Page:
AMD has topped the Top 500 supercomputer bi-annual list today, with four of the five top systems using its chips, including the world's number one system, the Cray XT5 "Jaguar".
Jaguar, of Oak Ridge National Labs, boasts almost a quarter of a million high-performance cores and delivers a theoretical 2.3 petaflops of peak performance and 1.75 petaflops on the Linpack benchmark.
The chip firm is also represented in Cray's other top three placement, the XT5 "Kraken" supercomputer from the University of Tennessee which, along with Jaguar, has been upgraded from quad to six-core Opteron processors.
A surprising entry for the firm can be seen at number five on the list, with China's "Tianhe-1" system from the Chinese National University of Defense Technology (NUDT).
The machine doesn't boast any Opteron processors - favouring Intel's Xeon offerings instead - but does sport 5,120 ATI Radeon 4870 GPUs to give it a whopping 563.1 teraflops performance. The system boasts 1.2 petaflops peak performance overall, making it the world's highest performing GPU-based supercomputer to date.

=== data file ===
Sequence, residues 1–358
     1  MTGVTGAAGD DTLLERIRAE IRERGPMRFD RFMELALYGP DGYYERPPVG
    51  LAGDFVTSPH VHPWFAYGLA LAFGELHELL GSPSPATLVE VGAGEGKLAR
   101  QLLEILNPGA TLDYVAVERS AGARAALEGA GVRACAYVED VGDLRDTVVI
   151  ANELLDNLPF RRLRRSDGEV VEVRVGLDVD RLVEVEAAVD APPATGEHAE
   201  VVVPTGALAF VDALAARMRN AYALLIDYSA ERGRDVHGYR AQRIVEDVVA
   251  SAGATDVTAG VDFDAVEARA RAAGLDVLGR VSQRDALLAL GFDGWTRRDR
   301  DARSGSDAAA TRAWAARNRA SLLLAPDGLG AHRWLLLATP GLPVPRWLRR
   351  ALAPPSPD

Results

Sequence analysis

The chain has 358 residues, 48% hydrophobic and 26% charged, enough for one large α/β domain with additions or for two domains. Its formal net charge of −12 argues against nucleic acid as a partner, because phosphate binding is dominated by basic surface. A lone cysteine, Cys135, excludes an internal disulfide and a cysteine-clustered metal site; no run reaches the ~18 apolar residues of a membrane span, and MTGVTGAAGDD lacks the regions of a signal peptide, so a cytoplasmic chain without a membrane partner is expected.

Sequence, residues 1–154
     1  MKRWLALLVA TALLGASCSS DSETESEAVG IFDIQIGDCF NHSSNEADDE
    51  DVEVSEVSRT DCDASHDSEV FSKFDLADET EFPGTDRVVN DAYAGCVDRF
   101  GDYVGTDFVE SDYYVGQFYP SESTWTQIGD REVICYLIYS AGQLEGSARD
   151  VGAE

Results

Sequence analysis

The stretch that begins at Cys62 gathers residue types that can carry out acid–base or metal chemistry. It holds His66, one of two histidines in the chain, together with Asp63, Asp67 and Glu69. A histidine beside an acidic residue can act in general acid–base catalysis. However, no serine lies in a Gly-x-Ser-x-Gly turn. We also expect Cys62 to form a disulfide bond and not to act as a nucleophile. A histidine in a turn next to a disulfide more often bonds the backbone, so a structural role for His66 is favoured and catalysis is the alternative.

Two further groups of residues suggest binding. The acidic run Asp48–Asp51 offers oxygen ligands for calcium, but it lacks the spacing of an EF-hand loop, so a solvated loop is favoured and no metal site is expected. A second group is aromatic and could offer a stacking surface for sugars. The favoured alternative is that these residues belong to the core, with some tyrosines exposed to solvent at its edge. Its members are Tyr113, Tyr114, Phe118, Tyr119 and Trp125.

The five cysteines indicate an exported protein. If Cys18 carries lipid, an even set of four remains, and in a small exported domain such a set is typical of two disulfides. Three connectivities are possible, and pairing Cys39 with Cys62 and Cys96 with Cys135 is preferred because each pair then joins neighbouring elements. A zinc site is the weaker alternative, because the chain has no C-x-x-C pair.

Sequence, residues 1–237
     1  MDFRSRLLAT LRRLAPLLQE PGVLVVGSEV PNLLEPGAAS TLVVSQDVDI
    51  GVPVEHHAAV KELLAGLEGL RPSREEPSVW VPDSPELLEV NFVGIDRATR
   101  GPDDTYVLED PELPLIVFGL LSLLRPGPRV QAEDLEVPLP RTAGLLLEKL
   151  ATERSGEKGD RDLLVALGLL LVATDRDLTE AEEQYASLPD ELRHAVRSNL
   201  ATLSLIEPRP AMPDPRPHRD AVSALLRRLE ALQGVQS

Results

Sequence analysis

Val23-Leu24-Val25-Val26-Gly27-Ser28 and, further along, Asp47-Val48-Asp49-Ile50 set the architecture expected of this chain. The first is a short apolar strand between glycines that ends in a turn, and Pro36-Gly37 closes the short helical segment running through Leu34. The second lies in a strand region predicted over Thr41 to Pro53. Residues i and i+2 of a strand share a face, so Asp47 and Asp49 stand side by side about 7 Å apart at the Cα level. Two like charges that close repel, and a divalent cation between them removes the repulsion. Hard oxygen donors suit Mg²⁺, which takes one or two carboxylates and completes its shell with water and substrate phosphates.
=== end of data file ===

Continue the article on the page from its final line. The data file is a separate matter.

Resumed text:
AMD's Opterons also have a presence in former number one IBM system "Roadrunner".
But despite six-core Opterons leading the field in terms of Supercomputers, they may soon become obsolete as AMD pushes forward in its plans to deliver both eight and 12-core x86 processors from the Opteron 6100 Series - otherwise known as "Magny-Cours" - in the first quarter of 2010.
The company has boldly declared that Magny-Cours should afford users a 100 per cent increase in compute core density and multi-threading capability, with four channels of DDR3 memory, new power management and virtualisation features.
The firm is not stopping there, either. AMD says it is looking even further down the road to 2011, when its new "Bulldozer" architecture - featuring a brand new modular core design - should tip up to offer 16 dedicated cores and significant multi-threading capabilities.
According to John Fruehe, AMD's director of business development for the firm's server and workstation division, the upgrade path to Bulldozer will be "seamless and consistent" just like the upgrade from the older Barcelona quad-cores to the newer six-core Opterons was.
"The upgradability that AMD delivers is going to be repeated," said Fruehe who added he felt "real good about where we are from a product standpoint."